Moms Who Blog: A Powerful Force for Change in Healthcare
| March 26, 2012
Women are still fighting for equal representation in print. Women’s writing is published roughly half as often as that of men, according to this blog post on articles by female versus male authors at leading creative magazines. At the OpEd project it was reported last month that in the week before, just 16 percent of bylines in the New York Times were from women, while at the Huffington Post the figure was a bit better, at 36 percent.
More than half of US citizens are female, so shouldn’t women’s perspectives color the news stories the country uses to form its opinions more often? Given the assault on women’s health this political season, getting our voices heard now is even more important.
Fortunately, one area of the written media in which women are making a big impact is the blogosphere. Watchdogs noted that bloggers and social networks were the force that changed the direction a powerful organization took in the recent Susan G. Komen controversy. The incident also illustrates the particular power and importance of women online on healthcare. Women are the power users of social media and are the directors of healthcare for most families. And women–and especially mothers–frequently are the ones who have the insight, the blogs and the networks to bring stories about sensitive health issues to the world.
To discuss the trend of moms blogging, tweeting and sharing online as powerful agents of change in healthcare I interviewed Deb Levine, a mother of two and founder of the award-winning online sexual health Q&A site Go Ask Alice. She’s also the recent winner of the White House’s challenge to design an app to help prevent dating violence on college campuses.
“Women are the people who, in bringing health issues to the forefront, are pushing healthcare reform and access while also bringing attention to important issues like maternal mortality,” said Levine.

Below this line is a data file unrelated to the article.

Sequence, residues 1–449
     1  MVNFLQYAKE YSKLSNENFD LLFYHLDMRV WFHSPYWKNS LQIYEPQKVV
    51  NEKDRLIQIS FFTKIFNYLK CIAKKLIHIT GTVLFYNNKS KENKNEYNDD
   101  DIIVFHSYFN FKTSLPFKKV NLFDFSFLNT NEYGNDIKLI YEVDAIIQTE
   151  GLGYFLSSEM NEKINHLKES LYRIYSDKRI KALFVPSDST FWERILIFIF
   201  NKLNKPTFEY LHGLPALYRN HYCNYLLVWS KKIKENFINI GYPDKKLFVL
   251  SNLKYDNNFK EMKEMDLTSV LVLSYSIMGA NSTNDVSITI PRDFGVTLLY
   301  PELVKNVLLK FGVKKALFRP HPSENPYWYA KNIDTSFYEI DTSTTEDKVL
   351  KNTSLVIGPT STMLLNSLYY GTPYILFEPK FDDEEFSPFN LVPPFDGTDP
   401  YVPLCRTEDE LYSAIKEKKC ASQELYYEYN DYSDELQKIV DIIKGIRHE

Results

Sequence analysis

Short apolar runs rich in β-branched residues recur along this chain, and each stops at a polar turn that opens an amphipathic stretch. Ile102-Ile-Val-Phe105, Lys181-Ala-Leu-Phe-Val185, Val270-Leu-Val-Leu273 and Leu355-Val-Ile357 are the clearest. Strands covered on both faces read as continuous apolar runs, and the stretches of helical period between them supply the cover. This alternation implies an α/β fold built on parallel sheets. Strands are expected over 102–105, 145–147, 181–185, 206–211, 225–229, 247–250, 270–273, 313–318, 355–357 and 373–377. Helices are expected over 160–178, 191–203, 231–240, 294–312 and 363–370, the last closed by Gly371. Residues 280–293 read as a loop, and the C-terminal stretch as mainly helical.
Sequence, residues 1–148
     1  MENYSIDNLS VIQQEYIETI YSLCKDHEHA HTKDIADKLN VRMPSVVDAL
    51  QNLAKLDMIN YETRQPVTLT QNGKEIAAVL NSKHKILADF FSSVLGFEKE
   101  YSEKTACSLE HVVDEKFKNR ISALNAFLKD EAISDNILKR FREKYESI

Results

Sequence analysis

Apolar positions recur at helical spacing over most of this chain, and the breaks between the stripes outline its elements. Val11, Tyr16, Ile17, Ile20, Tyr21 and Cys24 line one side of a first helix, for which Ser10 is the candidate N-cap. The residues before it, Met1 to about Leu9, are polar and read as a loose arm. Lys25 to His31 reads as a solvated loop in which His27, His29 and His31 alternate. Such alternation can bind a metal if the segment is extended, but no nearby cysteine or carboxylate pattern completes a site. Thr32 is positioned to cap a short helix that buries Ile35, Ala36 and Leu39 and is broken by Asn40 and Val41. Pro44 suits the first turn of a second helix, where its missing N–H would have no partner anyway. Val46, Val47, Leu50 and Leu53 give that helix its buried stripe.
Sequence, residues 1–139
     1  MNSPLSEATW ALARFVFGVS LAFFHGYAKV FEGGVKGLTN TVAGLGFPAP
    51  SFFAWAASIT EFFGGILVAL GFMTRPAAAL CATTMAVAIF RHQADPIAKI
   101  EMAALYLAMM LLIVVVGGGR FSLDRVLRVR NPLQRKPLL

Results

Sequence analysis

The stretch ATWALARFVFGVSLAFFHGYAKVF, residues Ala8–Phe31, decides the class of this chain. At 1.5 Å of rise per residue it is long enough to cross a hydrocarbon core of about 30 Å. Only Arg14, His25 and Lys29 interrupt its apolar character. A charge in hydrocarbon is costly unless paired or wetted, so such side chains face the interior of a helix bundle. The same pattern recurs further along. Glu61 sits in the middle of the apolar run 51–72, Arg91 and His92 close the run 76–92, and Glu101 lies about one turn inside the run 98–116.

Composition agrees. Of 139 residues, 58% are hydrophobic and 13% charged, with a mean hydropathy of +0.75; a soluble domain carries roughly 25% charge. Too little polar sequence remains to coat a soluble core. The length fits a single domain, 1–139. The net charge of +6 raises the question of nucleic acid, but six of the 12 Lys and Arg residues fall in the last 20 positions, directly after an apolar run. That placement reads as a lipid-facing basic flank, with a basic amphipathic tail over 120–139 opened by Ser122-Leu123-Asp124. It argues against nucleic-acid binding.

“A mother will do anything for her children,” she added. Given the growing healthcare challenges in this country, that imperative may be part of what’s fueling more women to advocate online for change.
In a recent article I discussed six moms who are doing work to better healthcare and the health tools available to themselves and their families--and ultimately, to us all.
One of the most notable? Elita Kalma, founder of the Blacktating blog. She shares stories of joys and frustrations she experienced while breastfeeding her son on the blog. In doing so, she’s acting as a critical role model and information source for the black community, where childrens’ breastfeeding rates are about 50 percent lower at birth compared with white children.
Kalma also advocates for moms of color within the mainstream media. For example, she publicly questioned why several articles in major media outlets on Beyonce’s choice to breastfeed failed to even mention the choice’s specific implications for the 12 percent of U.S. citizens who are black. As First Lady Michelle Obama and the Surgeon General have both stressed, breastfeeding can help counter child obesity and can make children better off on a range of health issues--so for women of color, the importance of education as well as role models is great for ensuring a healthy future.
Katie Matlack writes about electronic health record system options and health information technology for Software Advice, a startup based in Austin, Texas. To learn about other moms bringing stories from the grassroots to create real change in healthcare, you can read the original article.